Assuming that your character has no less and no more than two functioning hands (kudos if not though, I like your style), you should probably know how to use them both to the greatest effect. Whilst wielding two weapons might seem twice as complicated, fear not! 5e has streamlined the mechanic so nicely that even your 6-INT barbarian could work it out.
How does two-weapon fighting in 5e work?
The rules for two-weapon fighting are laid out in the Player’s Handbook (PHB) as follows:
“When you take the Attack action and attack with a light melee weapon that you’re holding in one hand, you can use a bonus action to attack with a different light melee weapon that you’re holding in the other hand. You don’t add your ability modifier to the damage of the bonus attack, unless that modifier is negative.
If either weapon has the thrown property, you can throw the weapon, instead of making a melee attack with it.”
In short, when you choose to take the Attack action whilst holding two light weapons, you can use your bonus action to attack again using the second weapon.
Let’s break the rules down.
Who can use two-weapon fighting?
“When you take the attack action”
The attack action is available to all classes, thus “you” refers to any player character. It’s not just martial characters that can use this feature, your tanks and spellcasters can, too!
Do I have to hit in order to use my bonus action attack?
“When you take the attack action”
The rules do not specify that you have to hit with your first attack in order to use your bonus action to attack again, so even if you miss on the first, you can get another swing in!
Does two-weapon fighting give you two attacks?
Nope, sorry. Having multiple attacks is still a class and level-specific perk.
Two-weapon fighting uses your bonus action for that turn and is separate from the Attack action itself. Therefore, you cannot use any other bonus actions available to your character on the turn in which you use this feature.
Furthermore, you don’t add your ability modifier to your bonus attack, it simply deals the damage rolled according to the weapon type. This damage is typically pretty low for light melee weapons (1d4-1d6).
Can I hit multiple enemies in one turn with two-weapon fighting?
Yep! The bonus action attack doesn’t have to target the same enemy as the Attack action.
What weapons can be used for two-weapon fighting?
“with a light melee weapon that you’re holding in one hand… a different light melee weapon that you’re holding in the other hand”
There are limits to the weapons eligible for this feature; they must both be melee weapons that have the light property.
Of the basic weapons, this includes:
- light hammers
Whether an improvised weapon has the light property and can be used with two-weapon fighting is up to your DM’s discretion!
What’s better than a dagger? Two daggers.
Can ranged weapons be used for two-weapon fighting?
Ranged weapons don’t count, however, if either of your weapons also has the thrown property (daggers, handaxes, lights hammers), you can choose to throw them instead.
Although this mechanic is based on wielding a weapon in each hand, it does not apply to weapons with the versatile property and therefore could be wielded in one hand (quarterstaffs, battleaxes, longswords and warhammers). This makes sense if you consider the size and weight of such weapons; whilst you might be able to hit something when holding them in one hand, it would be hard to do so and wield another weapon at the same time.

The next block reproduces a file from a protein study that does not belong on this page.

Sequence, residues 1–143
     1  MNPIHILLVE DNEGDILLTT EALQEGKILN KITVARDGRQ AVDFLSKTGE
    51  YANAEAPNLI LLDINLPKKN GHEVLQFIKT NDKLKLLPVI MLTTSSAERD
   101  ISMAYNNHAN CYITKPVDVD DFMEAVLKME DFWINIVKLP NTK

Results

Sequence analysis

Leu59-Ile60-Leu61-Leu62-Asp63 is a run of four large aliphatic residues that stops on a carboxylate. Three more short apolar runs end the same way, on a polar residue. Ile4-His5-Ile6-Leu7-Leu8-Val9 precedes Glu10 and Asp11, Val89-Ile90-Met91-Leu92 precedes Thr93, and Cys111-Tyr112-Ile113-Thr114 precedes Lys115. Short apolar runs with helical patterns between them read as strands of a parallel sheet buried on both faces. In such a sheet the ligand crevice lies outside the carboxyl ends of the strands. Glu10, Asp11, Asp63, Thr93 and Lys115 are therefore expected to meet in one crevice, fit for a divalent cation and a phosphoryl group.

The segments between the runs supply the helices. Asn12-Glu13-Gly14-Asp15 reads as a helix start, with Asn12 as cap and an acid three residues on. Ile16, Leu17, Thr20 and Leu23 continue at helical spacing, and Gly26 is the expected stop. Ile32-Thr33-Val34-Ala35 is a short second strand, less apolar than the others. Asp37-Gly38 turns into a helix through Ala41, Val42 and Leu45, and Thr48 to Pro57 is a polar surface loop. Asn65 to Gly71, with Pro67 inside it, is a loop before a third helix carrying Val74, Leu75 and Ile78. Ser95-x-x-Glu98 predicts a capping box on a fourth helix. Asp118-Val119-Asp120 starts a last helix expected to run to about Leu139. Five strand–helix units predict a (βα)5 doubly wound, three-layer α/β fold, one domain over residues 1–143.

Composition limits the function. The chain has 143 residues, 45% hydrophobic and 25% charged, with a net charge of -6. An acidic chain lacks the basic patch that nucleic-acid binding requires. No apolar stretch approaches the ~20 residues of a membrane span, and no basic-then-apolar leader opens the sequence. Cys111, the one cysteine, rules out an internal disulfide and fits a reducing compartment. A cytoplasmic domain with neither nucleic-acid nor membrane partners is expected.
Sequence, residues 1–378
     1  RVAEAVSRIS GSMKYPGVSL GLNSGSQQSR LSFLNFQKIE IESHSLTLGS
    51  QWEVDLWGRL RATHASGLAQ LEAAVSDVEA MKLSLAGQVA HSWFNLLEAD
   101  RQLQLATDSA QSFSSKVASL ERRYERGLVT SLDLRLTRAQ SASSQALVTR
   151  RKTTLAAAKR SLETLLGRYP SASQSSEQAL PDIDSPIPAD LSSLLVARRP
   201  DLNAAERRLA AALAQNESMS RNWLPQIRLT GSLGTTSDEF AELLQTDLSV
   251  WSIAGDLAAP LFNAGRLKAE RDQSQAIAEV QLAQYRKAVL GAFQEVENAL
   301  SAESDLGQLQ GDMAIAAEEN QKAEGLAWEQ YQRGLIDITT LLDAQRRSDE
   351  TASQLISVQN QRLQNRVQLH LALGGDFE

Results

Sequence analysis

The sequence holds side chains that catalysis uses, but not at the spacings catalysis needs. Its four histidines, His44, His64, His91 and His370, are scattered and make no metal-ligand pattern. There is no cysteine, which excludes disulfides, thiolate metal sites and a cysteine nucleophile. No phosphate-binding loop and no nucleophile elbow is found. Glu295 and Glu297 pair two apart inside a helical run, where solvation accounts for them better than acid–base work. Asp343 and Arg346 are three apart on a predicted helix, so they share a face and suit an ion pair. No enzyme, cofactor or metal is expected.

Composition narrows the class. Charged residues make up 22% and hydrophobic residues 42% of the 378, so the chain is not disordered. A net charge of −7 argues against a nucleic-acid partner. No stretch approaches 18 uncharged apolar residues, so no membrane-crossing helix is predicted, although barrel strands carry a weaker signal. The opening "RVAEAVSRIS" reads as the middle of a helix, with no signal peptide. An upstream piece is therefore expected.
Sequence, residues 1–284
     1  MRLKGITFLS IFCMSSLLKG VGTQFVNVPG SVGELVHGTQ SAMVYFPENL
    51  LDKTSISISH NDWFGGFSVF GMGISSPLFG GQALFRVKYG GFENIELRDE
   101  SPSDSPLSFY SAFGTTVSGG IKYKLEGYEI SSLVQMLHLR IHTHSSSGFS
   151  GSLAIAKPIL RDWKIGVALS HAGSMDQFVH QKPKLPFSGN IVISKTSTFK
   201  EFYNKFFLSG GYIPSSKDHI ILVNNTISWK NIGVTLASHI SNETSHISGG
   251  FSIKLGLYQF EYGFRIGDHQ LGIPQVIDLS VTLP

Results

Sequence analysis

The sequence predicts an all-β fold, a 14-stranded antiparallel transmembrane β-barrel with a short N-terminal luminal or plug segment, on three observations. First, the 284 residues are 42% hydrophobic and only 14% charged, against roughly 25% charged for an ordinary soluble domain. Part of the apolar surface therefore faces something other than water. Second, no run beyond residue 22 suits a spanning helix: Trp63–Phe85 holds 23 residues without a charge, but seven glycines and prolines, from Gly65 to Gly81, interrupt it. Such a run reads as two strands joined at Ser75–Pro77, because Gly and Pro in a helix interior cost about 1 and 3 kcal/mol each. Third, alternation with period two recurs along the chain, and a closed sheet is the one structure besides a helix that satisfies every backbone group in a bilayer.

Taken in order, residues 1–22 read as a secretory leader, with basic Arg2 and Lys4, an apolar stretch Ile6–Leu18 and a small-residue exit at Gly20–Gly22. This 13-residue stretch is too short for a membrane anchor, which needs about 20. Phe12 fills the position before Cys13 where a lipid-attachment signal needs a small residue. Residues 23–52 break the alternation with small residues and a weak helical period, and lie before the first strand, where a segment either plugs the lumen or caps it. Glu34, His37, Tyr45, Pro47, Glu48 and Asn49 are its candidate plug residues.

Can natural weapons be used for two-weapon fighting?
Natural weapons, such as claws and talons, are not usable for two-weapon fighting. Whilst you could argue that they don’t exactly weigh much, they do not have the light property and, more importantly, are not held or wielded.
These are the weapon limitations to two-weapon fighting as per the rules as written. As with anything in D&D, you can discuss specifics with your DM. Your character doesn’t have a spare dagger handy, but has picked up a dart? Maybe they’ll let you chuck that as your bonus action, seeing as it deals the same amount and type of damage.
Is dual wielding better than a shield?
Shields grant a +2 to AC, valuable protection in any case, and magical shields can offer even more. So why might you want to carry an extra weapon instead?
Shield proficiency; if you can’t carry a shield without incurring penalty anyway, you may as well consider carrying a weapon in your offhand!
Armour proficiency; similar to shields, the weight of armour (if any) that your character can wear without receiving disadvantage is dependent on your class and should be considered when deciding whether to carry a shield.
Dexterity score; your Dexterity modifier is what dictates your character’s base AC, so it’s vital in regard to choosing armour and shields.
Hit point maximum; the higher your HP, the more hits you can take, and the more you may want to focus on dealing extra damage instead of avoiding taking it.
Special abilities/features; there are buffs granted to certain classes that can increase AC or allow a character to reduce the damage they take. Such abilities might reduce the need for a shield.
Does dual wielding increase damage?
At low level, when additional features are thin on the ground and even light weapons make a decent dent in an enemy’s HP, yes, a bonus hit will often increase the amount of damage dealt in a single round.
However, as you ascend through the levels and gain higher proficiency and ability scores, spells, additional attacks, class features, bonus actions and so on, there are typically going to be any number of ways to spend a turn that result in more damage than a simple bonus action attack, or bonus actions that are far more useful.
How viable is two-weapon fighting in 5e?
This is where your character build as a whole comes into play. Let’s look at how each of the disadvantages of two-weapon fighting can be addressed.